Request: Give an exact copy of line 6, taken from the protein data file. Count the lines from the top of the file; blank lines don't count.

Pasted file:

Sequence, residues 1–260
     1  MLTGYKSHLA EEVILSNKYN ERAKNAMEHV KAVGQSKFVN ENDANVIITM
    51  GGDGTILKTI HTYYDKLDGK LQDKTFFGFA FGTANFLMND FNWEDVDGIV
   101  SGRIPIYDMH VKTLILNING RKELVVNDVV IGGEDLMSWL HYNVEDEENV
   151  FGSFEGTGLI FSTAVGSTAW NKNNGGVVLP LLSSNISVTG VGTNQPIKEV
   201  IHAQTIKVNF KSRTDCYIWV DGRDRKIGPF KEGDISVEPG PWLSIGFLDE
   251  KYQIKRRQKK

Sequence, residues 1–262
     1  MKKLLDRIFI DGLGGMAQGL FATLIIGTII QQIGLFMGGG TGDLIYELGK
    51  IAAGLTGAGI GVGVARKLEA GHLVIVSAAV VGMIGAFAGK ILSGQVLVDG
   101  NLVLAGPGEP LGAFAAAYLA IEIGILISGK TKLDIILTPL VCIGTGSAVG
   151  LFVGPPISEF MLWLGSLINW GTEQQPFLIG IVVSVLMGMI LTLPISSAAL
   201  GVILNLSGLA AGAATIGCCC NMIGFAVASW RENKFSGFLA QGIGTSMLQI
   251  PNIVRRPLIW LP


   201  IHAQTIKVNF KSRTDCYIWV DGRDRKIGPF KEGDISVEPG PWLSIGFLDE